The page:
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How to safely use a generator during an outage

Posted: 6:46 PM, Sep 15, 2017
Updated: 2019-08-28 09:15:57-04

Powering Up Your Generator

  • Check fuel level.
  • If you must add fuel, be sure generator is cooled down.
  • Do not over fill.
  • Check oil level.
  • Check filter.
  • Check voltage selector to make sure it matches the type of application you are connecting to (CHOOSE BETWEEN '120-VOLTS AND 120-VOLT/240').
  • Move generator outside to well-ventilated area.
  • Place on a firm, level surface.
  • Connect a heavy duty, outdoor-rated power cord to generated, or connect appliances directly to generator to generator.
  • Turn generator's circuit breaker off.
  • Turn power switch on.
  • Pull cord.
  • Let generator warm up before turning circuit breaker back on.


Some generators operate on unleaded gasoline. Others use diesel fuel. Five gallons of gas will power a 5,600 watt generator for about eight hours. One gallon of gas will power a 3,000 watt generator for about 3 1/2 hours.

Additional supplies

You will also need multi-gallon, vented containers for storing gasoline (fill before storm comes), engine oil, an outdoors-rated extension cord and a carbon-monoxide detector.

Caring for your generator

  • Never over fill gas.
  • Don't use stale or contaminated gas.
  • Avoid getting dirt or water in the fuel tank.
  • Turn fuel valve off when transporting or storing generator. This keeps fuel from diluting engine oil and damaging engine.
  • Run generator at least once a month. This lubricates the engine, recharges the battery and lets fresh gas through the carburetor.
  • When storing a generator for more than two months, drain fuel and add fuel conditioner to top it off, following directions on the label.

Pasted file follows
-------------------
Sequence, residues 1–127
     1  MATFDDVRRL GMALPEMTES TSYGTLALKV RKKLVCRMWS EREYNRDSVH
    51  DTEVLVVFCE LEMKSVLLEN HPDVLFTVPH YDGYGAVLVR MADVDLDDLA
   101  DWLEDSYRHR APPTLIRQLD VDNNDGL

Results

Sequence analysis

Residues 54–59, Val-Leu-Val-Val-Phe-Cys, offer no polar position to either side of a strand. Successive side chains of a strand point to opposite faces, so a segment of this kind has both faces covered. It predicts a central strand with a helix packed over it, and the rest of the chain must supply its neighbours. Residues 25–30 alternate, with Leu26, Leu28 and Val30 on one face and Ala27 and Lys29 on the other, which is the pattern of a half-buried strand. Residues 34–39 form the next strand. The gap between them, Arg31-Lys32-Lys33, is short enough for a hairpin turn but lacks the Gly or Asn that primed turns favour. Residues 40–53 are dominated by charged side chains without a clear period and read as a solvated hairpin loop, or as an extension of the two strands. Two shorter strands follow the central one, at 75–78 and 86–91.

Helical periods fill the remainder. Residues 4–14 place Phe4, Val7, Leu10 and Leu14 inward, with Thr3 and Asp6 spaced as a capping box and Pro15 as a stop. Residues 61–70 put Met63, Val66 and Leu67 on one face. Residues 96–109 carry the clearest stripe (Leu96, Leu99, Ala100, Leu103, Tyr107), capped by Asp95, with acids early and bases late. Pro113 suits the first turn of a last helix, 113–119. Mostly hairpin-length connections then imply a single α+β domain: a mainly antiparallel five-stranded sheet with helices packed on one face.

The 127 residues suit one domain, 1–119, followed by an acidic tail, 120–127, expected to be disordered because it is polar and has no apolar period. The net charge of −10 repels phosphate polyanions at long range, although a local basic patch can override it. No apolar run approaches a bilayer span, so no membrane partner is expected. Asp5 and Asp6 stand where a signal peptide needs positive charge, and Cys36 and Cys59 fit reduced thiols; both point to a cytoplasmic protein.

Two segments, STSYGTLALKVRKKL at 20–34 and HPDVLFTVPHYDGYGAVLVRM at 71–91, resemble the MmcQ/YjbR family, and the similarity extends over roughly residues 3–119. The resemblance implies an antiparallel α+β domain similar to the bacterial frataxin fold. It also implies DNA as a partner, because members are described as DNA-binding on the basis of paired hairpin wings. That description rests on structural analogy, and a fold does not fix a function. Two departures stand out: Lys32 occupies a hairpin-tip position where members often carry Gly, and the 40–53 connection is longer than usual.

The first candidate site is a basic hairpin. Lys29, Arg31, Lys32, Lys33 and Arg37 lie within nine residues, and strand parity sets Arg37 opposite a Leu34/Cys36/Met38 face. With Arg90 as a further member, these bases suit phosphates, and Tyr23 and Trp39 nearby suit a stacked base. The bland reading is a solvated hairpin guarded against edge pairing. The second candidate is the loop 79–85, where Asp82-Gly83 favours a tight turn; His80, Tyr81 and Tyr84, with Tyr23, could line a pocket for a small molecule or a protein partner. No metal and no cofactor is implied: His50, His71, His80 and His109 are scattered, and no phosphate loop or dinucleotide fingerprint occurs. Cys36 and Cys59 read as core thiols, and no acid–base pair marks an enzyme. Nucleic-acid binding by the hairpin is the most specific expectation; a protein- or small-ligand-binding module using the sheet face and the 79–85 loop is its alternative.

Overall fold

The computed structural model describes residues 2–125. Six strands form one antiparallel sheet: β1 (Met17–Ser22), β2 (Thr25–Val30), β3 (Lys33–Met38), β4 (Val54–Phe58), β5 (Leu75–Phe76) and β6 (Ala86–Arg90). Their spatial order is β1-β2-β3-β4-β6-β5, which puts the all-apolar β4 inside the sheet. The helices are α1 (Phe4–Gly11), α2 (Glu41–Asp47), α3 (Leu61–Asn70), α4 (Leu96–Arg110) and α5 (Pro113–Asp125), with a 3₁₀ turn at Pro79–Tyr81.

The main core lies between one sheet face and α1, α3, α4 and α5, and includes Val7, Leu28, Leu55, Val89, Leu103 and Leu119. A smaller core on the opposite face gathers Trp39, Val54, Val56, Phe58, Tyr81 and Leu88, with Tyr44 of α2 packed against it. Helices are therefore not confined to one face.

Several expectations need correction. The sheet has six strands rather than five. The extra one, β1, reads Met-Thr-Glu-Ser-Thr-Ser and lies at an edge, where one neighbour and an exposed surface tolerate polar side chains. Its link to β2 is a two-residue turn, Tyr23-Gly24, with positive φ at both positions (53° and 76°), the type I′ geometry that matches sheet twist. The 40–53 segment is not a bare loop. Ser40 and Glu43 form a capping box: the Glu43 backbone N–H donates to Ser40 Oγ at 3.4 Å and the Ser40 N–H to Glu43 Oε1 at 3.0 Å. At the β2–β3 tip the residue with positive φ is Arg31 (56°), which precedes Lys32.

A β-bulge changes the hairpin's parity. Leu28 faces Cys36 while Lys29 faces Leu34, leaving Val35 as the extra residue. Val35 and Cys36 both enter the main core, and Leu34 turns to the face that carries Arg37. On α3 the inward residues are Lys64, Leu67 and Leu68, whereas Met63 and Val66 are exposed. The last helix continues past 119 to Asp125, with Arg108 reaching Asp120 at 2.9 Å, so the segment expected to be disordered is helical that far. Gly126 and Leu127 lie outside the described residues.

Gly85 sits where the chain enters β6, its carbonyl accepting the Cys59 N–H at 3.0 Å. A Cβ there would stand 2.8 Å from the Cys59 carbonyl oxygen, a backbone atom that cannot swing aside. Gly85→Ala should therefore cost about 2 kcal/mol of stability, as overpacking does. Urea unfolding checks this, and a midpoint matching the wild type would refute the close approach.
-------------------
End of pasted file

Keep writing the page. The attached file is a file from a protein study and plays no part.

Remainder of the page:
• Change oil regularly, according to your model's manual.
  • Change filter regularly. according to your model's manual.

Safety Tips

The risks (if you don't do it right): carbon-monoxide poisoning, electrocution, fire and explosion.

  • Never use wet hands to operate the generator. Never let water come in contact with the generator.
  • Never run your generator in a garage because the carbon-moxide exhaust is toxic. Find a well-ventilated space with some cover, but be sure the generator isn't positioned outside an open window. Use a battery-powered carbon monoxide detector. Always turn the engine off before refueling and let the generator cool.
  • Don't spill fuel. It can ignite.
  • Store fuel and generator in a ventilated area and away from natural gas water heaters. Vapors can escape from closed cans and tanks, then travel to the pilot light and ignite.
  • Never feed power from a portable generator into a wall outlet. This can kill linemen working to restore power. It also can damage your generator.
  • Don't use power cords that are frayed. This can cause a fire. Be sure all prongs are intact and that the cord is outdoor-rated. The cord's wattage or amps must not be smaller than the sum of the connected appliance loads.

Shopping Tips

  • Ask the dealer how many watts it will put out and for how long and how big a load it can handle.